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Coronavirus cases in the U.S. have surged in recent weeks but remain comparatively low in lower-income and rural areas, according to a new analysis from The Associated Press.
Among more than 3,100 counties in the U.S., nearly 1,300 had no confirmed cases of COVID-19, data compiled by Johns Hopkins University showed.
Of the counties without positive tests, 85 percent were in rural areas that generally saw less everyday contact between people, which could help transmit the virus.
However, counties with zero positive tests for COVID-19 have had a higher proportion of people older than 60 — the most vulnerable to severe effects of the virus — and far fewer intensive-care beds should they fall sick, The Associated Press reported.
The demographics of these counties held major implications as the Trump administration has developed guidelines to rate counties by risk of the virus spreading, empowering local officials to revise social-distancing orders that have played a role in the U.S. economic downturn.
Infectious-disease experts have noted opportunities to slow the spread of coronavirus in remote areas of the country benefiting from "natural" social distancing and isolation, if initial cases are detected and quarantined aggressively. That could buy time for rural health-care networks to provide robust care and reduce death rates.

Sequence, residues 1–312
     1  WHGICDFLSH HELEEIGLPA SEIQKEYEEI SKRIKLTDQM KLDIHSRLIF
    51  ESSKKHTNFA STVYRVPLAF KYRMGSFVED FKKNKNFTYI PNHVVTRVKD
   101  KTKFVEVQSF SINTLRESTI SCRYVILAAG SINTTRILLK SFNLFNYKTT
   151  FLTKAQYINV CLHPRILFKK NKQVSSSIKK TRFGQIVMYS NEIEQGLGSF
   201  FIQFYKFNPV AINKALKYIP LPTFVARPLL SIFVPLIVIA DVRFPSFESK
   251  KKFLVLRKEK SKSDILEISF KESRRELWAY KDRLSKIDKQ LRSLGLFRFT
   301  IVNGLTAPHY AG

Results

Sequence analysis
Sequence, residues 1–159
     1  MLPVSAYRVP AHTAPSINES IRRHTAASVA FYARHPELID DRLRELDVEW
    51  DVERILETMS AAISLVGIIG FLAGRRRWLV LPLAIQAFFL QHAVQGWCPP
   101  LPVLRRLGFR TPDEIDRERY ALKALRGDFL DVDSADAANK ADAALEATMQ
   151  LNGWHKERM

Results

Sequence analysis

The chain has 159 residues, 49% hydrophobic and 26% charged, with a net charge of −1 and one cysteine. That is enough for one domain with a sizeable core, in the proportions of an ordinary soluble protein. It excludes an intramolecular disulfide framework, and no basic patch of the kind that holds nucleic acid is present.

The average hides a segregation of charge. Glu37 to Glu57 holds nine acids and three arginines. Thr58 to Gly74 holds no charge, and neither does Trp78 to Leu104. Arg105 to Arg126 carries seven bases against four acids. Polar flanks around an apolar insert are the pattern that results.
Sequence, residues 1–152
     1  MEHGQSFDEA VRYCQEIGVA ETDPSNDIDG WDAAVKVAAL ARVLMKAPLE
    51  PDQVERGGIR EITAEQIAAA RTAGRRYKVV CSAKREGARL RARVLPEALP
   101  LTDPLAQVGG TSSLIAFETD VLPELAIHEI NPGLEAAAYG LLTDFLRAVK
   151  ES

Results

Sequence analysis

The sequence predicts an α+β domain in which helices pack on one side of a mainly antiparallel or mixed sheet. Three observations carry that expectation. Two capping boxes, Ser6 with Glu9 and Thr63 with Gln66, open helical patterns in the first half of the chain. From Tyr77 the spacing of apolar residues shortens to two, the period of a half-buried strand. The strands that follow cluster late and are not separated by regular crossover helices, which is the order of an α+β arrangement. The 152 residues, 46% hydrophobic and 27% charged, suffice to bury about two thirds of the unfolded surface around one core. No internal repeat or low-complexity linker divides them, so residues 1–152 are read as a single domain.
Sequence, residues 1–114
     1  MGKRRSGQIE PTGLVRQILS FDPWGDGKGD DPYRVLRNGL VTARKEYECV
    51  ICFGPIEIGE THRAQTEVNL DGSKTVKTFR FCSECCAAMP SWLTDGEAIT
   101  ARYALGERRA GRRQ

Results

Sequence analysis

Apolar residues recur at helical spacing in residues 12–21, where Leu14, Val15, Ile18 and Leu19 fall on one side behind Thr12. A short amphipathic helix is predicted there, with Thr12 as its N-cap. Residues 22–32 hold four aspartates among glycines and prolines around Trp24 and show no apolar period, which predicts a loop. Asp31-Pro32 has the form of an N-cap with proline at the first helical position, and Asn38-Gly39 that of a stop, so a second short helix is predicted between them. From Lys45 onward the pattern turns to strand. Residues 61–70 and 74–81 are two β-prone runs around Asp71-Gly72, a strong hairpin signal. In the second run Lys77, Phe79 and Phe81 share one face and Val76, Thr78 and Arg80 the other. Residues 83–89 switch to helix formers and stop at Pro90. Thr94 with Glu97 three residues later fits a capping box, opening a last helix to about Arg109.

But, they also signaled concern that sporadic testing for coronavirus could be masking outbreaks that– if left unattended – might overwhelm rural health networks down the road.
"I hope the zeros are really zeros — I worry that they're not doing enough testing in those regions because they're not thinking they're at risk," said Christine K. Johnson, a professor of epidemiology at the University of California, Davis.
In New Mexico, where nearly half of the state's 33 counties have been free of any positive coronavirus cases, Gov. Michelle Lujan Grisham, a Democrat, has moved aggressively to contain the coronavirus' spread with a statewide school shutdown and ban on most gatherings of over five people.
The state is among the top five states in coronavirus testing per capita, though some virus-free counties aren't yet equipped with specialized testing sites beyond samplings by a handful of doctor offices.
The Associated Press contributed to this report.